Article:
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Question: Would God really allow people to contract a virus at church by giving fellow parishioners a hug or a handshake?
Handshakes and hugs are certainly things that we have grown to miss during the COVID-19 global pandemic, especially with the familiar faces we like to see at church. It is just one more way that this disease has separated us from each other.
The plain and simple answer to the question is this: We don’t know. God has not given specific promises about every circumstance we might face. Indeed, the Lord promises to watch over and protect His people in a general way. Psalm 91 offers a beautiful description of this promise:
“He shall cover you with His feathers,
And under His wings you shall take refuge…
You shall not be afraid of the terror by night,
Nor of the arrow that flies by day,
Nor of the pestilence that walks in darkness,
Nor of the destruction that lays waste at noonday…
For He shall give His angels charge over you,
To keep you in all your ways.” (Psalm 91:4-6,11, NKJV)
Under the Lord’s gracious care, we have nothing to fear! Yet that does not mean God will never permit evil to touch our lives. Take Job, for example. God’s mercy and protection were there for Job, and yet God still permitted Job to suffer not only the loss of his family and property, but even his health! (See Job 1-2.)
So while we rely on the Lord’s promise to care for us, we dare not take our safety for granted. Remember, Satan used the words of that very Psalm to try to tempt Jesus to jump from the highest point of the temple. Jesus’ response to the devil still rings in our ears to this day: “It is written again, ‘You shall not tempt the LORD your God’” (Matthew 4:7).
The Lord reminds us in Isaiah 55 that “as the heavens are higher than the earth, so are My ways higher than your ways, and My thoughts than your thoughts.” The Lord simply has not given us a specific promise about preventing the spread of a communicable disease like COVID, nor has He guaranteed that churches are safe. A simple internet search yields numerous news stories around the country where the virus has spread at churches through close physical contact, which includes, among other things, handshakes and hugs. So is it possible that God would keep His people safe from contracting a virus while worshiping in His house? Yes. Yet it’s also just as possible that God, for His own good and gracious reasons, might allow a virus to spread among those worshiping in His house.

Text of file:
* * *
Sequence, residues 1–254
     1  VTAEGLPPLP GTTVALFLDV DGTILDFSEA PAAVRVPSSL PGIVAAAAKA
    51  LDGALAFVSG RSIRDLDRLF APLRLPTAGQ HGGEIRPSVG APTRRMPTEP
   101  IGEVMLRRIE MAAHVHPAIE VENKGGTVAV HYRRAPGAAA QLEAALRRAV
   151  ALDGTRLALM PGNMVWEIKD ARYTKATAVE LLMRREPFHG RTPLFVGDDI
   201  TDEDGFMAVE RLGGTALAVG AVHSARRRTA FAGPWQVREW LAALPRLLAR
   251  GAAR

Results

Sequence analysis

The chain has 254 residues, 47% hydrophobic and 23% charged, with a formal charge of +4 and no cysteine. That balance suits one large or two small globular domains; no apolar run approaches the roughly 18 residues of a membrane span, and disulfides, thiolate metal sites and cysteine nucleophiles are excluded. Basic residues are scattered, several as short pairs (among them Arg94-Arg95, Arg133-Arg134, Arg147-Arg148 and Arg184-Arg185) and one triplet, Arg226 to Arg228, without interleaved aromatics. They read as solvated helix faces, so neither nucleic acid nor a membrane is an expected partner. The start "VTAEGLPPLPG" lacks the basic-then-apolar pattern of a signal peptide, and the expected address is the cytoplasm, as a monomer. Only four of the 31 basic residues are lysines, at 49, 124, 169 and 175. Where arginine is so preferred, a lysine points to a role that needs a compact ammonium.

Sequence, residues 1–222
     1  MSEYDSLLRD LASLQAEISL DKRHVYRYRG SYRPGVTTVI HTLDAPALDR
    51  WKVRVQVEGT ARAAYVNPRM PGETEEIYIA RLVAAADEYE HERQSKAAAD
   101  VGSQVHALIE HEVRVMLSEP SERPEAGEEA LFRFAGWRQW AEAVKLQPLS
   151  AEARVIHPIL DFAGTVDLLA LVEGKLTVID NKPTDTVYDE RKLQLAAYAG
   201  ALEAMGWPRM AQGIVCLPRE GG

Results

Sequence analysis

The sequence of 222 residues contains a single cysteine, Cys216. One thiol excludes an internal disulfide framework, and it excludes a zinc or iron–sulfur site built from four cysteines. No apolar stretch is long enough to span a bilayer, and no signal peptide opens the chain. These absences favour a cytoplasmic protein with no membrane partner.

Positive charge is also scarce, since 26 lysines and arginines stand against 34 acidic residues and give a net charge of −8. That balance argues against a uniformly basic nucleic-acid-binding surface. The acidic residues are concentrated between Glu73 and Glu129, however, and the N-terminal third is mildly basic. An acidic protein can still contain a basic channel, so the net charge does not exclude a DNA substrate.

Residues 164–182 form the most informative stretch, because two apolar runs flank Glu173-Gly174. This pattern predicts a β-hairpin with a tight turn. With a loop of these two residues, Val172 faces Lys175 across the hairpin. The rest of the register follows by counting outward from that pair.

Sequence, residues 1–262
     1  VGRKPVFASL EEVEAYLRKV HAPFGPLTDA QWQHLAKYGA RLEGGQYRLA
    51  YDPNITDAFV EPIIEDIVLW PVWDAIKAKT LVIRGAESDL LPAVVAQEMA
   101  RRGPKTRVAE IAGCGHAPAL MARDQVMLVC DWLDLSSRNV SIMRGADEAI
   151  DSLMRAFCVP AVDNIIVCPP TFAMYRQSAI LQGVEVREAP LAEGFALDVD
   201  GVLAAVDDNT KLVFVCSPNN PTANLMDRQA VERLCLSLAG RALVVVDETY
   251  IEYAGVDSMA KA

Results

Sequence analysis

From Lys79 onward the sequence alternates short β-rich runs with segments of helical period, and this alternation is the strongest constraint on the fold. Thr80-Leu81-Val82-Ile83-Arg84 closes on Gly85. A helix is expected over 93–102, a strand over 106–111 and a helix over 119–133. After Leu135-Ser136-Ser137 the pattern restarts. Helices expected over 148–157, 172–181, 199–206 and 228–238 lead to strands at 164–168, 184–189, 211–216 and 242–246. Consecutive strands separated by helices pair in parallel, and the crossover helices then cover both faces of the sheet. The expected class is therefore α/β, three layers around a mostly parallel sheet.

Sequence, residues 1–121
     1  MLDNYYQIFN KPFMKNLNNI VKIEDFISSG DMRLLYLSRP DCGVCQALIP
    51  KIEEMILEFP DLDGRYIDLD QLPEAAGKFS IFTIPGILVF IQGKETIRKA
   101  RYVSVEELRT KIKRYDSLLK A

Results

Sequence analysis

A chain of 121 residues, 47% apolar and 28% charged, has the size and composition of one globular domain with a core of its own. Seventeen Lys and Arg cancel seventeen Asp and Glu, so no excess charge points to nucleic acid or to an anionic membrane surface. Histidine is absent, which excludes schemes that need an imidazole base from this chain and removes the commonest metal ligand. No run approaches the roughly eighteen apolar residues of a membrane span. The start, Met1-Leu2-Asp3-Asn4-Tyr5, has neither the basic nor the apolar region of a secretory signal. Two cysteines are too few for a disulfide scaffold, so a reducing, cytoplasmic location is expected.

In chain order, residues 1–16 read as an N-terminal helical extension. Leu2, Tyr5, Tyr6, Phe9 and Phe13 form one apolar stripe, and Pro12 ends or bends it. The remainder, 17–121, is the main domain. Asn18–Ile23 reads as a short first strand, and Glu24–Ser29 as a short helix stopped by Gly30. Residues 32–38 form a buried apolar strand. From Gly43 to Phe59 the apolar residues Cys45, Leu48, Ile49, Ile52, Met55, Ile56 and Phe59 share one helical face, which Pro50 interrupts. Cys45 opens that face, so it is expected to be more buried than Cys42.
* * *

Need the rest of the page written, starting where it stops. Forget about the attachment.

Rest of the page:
Do not misunderstand. If people at church choose to share a handshake or a hug during the current pandemic, they are not “tempting God” or sinning in any way. Yet the threat of COVID gives us an opportunity to practice Christian love by bearing with each other’s weaknesses and putting the needs of others ahead of our own. Many in our congregations are in “high risk” populations due to age or other underlying medical conditions. Some live with the terrible fear of what might happen if they get sick. So during this extraordinary season, we sacrifice our own desires for physical contact with other human beings for the sake of those we love.
Of course, Christian love may also be why we want to shake someone’s hand or give a hug. When one of our fellow churchgoers has gone through a terrible tragedy or is mourning the sudden loss of a loved one, that person’s need for a comforting hug might outweigh our own fears of getting sick. In that instance, putting ourselves “in harm’s way” would be the God-pleasing, honorable thing to do.
Lord willing, the current pandemic will come to an end at some point, just as every other past pandemic has come to an end. At that time, everyone will go back to their old hand-shaking ways. In the end, though, whether we choose to shake hands and hug or not, we do not make that choice based on what is best for us. We do so valuing others more than ourselves, considering their needs as well as our own (Philippians 2:3-4), loving one another as Christ has loved us (John 13:34).
At the cross, Christ Jesus willingly endured the ultimate separation from His Father in heaven to secure our eternal life with Him. With His help, we can endure a little separation to help secure our neighbor’s time of grace here on earth.
Pastor S. Piet Van Kampen